Chapter 24
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Chapter 24. Exercise and Activity. Being active is important for physical and mental well-being. Illness, surgery, injury, pain, and aging cause weakness and some activity limits. Inactivity, whether mild or severe, affects: Every body system Mental well-being.

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Chapter 24

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Chapter 24

Chapter 24

Exercise and Activity

Chapter 24

  • Being active is important for physical and mental well-being.

  • Illness, surgery, injury, pain, and aging cause weakness and some activity limits.

  • Inactivity, whether mild or severe, affects:

    • Every body system

    • Mental well-being

Chapter 24

  • Nurses promote exercise and activity in all clients to the extent possible.

  • To help promote exercise and activity, you need to understand:

    • Bed rest

    • How to prevent complications from bed rest

    • How to help with exercise

Bed rest

Bed Rest

  • Generally bed rest is ordered to:

    • Reduce physical activity

    • Reduce pain

    • Encourage rest

    • Regain strength

    • Promote healing

Bed rest cont d

Bed Rest (Cont’d)

  • These types of bed rest are common:

    • Strict bed rest

      • Everything is done for the client.

    • Bed rest

      • Some activities of daily living (ADL) are allowed.

    • Bed rest with commode privileges

    • Bed rest with bathroom privileges (bed rest with BRP)

Bed rest cont d1

Bed Rest (Cont’d)

  • Complications of bed rest include:

    • Pressure ulcers

    • Constipation and fecal impaction

    • Urinary tract infections and renal calculi (kidney stones)

    • Blood clots (thrombi)

    • Pneumonia (inflammation and infection of the lung)

    • Contractures

    • Muscle atrophy

    • Orthostatic hypotension (postural hypotension)

    • Syncope

Bed rest cont d2

Bed Rest (Cont’d)

  • Good nursing care prevents complications from bed rest.

    • Good alignment

    • Range-of-motion exercises

    • Frequent position changes

      • These are part of the care plan.

Bed rest cont d3

Bed Rest (Cont’d)

  • Supportive devices are often used.

    • Bed boards prevent the mattress from sagging.

    • Foot boards prevent plantar flexion and serve as bed cradles.

    • Trochanter rolls prevent the hips and legs from external rotation.

    • Hip abduction wedges keep the hips abducted.

    • Hand rolls or hand grips prevent contractures of the thumb, fingers, and wrist.

    • Splints keep the elbows, wrists, thumbs, fingers, ankles, and knees in normal position.

    • Bed cradles keep the weight of top linens off the feet and toes.



  • Exercise helps prevent:

    • Contractures

    • Muscle atrophy

    • Other complications of bed rest

  • Some exercise occurs:

    • With ADL

    • When turning and moving in bed without help

  • A trapeze is used:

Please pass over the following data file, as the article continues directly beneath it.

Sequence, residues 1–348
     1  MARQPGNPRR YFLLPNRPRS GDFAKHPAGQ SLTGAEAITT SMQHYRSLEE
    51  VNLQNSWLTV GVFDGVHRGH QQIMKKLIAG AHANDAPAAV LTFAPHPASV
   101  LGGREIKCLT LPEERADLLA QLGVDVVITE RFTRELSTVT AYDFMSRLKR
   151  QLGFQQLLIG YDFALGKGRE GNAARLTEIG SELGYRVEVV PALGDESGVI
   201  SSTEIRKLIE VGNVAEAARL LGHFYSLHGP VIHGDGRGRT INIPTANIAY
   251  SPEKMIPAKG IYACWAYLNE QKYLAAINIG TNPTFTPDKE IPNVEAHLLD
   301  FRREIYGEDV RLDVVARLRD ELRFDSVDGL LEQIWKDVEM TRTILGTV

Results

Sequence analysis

• For exercises to strengthen arm muscles

    • To move up and turn in bed

Exercise cont d

Exercise (Cont’d)

  • Range-of-motion exercises

    • Range-of-motion exercises involve moving the joints through their complete range of motion.

      • Active range-of-motion exercises are done by the client.

      • With passive range-of-motion exercises, someone moves the joints through their range of motion.

      • With active-assistive range-of-motion exercises, the client does the exercises with some help.

Exercise cont d1

Exercise (Cont’d)

  • Ambulation

    • Ambulation is the act of walking.

    • After bed rest, activity increases slowly and in steps.

    • To achieve the goal of walking:

      • Contractures and muscle atrophy must be prevented.

      • Proper positioning and exercises are needed during bed rest.

    • Walking regularly helps prevent deconditioning.

Walking aids

Walking Aids

  • Walking aids

    • Walking aids support the body.

    • The type ordered depends on:

      • The client’s condition

      • The amount of support needed

      • The type of disability

Walking aids cont d

Walking Aids (Cont’d)

  • Crutches are used when the client cannot use one leg or when one or both legs need to gain strength.

  • Follow these safety measures:

    • Check the crutch tips.

    • Check crutches for flaws.

    • Tighten all bolts.

    • Make sure the client wears street shoes with flat, non-skid soles.

    • Make sure clothes fit well.

    • Practice safety rules to prevent falls.

    • Keep crutches within the client’s reach.

    • Know which crutch gait the client uses.

Walking aids cont d1

Walking Aids (Cont’d)

  • Canes are used for weakness on one side of the body.

    • They help provide balance and support.

    • Single-tip and four-point (quad) canes are common.

    • A cane is held on the strong side of the body.

  • A walker is a four-point walking aid.

    • It gives more support than a cane.

    • There are many kinds of walkers.

    • Baskets, pouches, and trays attach to the walker.

Walking aids cont d2

Walking Aids (Cont’d)

  • Braces support weak body parts.

    • They also prevent or correct deformities or prevent joint movement.

    • A brace is applied over the ankle, knee, or back.

    • An ankle-foot orthosis (AFO) is placed in the shoe.

    • You need to:

      • Keep skin and bony points under braces clean and dry.

      • Report redness or signs of skin breakdown at once.

      • Report complaints of pain or discomfort.

    • The care plan tells you when to apply or remove a brace.

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